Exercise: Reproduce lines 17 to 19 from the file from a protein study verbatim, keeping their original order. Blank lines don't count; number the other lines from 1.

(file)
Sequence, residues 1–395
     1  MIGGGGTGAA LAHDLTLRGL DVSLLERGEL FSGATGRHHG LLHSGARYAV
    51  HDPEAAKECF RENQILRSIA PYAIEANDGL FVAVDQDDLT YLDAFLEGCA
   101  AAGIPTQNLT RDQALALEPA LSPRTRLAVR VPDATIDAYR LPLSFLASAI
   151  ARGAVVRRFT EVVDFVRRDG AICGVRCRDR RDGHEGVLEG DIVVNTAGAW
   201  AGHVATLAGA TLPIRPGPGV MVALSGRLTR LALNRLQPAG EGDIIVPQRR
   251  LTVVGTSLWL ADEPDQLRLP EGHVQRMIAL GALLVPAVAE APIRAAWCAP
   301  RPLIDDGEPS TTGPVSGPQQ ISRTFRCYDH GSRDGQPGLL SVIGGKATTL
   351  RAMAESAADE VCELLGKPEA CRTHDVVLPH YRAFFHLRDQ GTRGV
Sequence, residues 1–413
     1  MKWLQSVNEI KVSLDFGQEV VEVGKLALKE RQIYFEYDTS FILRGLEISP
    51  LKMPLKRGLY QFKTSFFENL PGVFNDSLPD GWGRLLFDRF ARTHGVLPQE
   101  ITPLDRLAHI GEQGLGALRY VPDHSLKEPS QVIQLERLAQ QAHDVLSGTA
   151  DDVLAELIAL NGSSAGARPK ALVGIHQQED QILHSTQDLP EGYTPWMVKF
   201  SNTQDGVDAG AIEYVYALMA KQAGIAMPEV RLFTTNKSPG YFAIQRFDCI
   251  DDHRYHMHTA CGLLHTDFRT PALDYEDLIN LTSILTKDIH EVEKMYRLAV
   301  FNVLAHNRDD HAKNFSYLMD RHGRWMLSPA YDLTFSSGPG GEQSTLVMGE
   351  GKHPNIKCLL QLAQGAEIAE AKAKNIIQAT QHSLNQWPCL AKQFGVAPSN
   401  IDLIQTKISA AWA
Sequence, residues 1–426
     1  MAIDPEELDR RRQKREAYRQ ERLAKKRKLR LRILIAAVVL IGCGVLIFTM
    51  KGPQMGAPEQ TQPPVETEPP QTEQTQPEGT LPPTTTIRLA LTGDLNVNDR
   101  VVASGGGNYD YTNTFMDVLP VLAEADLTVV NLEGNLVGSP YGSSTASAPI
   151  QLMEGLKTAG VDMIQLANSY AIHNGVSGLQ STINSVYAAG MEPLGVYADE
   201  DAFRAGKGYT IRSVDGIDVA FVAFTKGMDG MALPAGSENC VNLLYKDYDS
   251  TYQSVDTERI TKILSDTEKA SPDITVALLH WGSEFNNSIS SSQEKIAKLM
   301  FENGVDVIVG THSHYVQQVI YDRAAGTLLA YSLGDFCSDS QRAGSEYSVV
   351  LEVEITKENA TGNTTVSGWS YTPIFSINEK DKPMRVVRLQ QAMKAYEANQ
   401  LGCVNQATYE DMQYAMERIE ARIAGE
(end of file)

   301  FNVLAHNRDD HAKNFSYLMD RHGRWMLSPA YDLTFSSGPG GEQSTLVMGE
   351  GKHPNIKCLL QLAQGAEIAE AKAKNIIQAT QHSLNQWPCL AKQFGVAPSN
   401  IDLIQTKISA AWA